Home Environment Hidden agenda behind the promise of roads through national parks?

Hidden agenda behind the promise of roads through national parks?

Hidden agenda behind the promise of roads through national parks?
(By Akitha Wijayasinghe)
Sri Lanka’s forest cover is growing slimmer daily. According to Dr. Ravindra Kariyawasam, Sri Lanka had a thick forest density of 82% in 1882 and by the end of 2019, it stands at a regretful 16.5%. Although, with the growing population and their needs, development projects are a necessity, it’s everybody’s responsibility to preserve nature and the eco systems while carrying them out.
But with the recent government development projects, it’s quite doubtful whether the responsible authorities are taking this crisis seriously. The most recent example for this is the road widening project from Deniyaya to Neluwa via Lankagama in a very close proximity to the World Heritage Sinharaja rainforest, even without an Environmental Impact Assessment Report (EIAR).
Latest scenario in this far-reaching problematic issue is the proposal to construct a road through the Flood Plains National Park in Polonnaruwa. It is proposed to carve a widened road connecting Manampitiya and Yakkure alongside the Mahaweli river via the national park.

What is a Flood Plains National Park?

The Flood Valley National Park was declared on August 7, 1984, with several main objectives. Its main objective is to protect the floodplain of the Mahaweli River, which is a unique ecosystem created by the Mahaweli River, the longest river in Sri Lanka. Another objective of this project is to provide habitats to many wildlife including wild elephants that have lost their habitats due to the Mahaweli Development Scheme. This national park covers an area of 17,350 hectares.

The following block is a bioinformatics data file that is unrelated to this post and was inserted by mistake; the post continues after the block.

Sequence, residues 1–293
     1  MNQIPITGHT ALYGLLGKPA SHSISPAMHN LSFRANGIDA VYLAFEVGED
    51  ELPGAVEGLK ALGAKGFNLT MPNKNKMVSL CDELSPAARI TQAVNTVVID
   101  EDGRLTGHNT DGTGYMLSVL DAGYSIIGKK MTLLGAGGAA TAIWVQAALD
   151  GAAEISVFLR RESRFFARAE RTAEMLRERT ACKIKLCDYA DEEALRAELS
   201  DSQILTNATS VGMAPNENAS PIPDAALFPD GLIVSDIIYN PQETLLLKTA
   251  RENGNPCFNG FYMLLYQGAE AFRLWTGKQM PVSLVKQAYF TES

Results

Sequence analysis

This Flood Valley National Park is a critical wildlife reserve in the Mahaweli Wildlife Sanctuary where more than 30 percent of Sri Lanka’s wild elephants are recorded. Lake elephants can be seen here with larger than average sizes, limited to this unique ecosystem. Wasgamuwa National Park is located to the South from the Flood Plains and Somawathiya National Park to the north. Environmentalists also point out that the Flood Valley National Park, which connects these parks, is home to a number of elephant migration routes.

An illegal project

Although the State Minister of Wildlife Protection, Wimalawwera Dissanayake continued to stress that he would exercise his powers in this regard as this road must be constructed and that an Environmental Impact Assessment Report is being carried out for this project, Attorney at Law Jagath Gunawardana, who is also a well-known Environmentalist said that nobody holds authority to carry out such EIARs inside a national park.
The lawyer further stated that neither any construction nor renovation can be done inside a land mass once it’s declared as a national park.
According to the Fauna and Flora Protection Ordinance, the ownership of such an old road was reserved to the public at the time of its declaration, but if it is not used for two consecutive years, Article 3 of the Act states that it will be revoked, he added.

Untouched for 28 years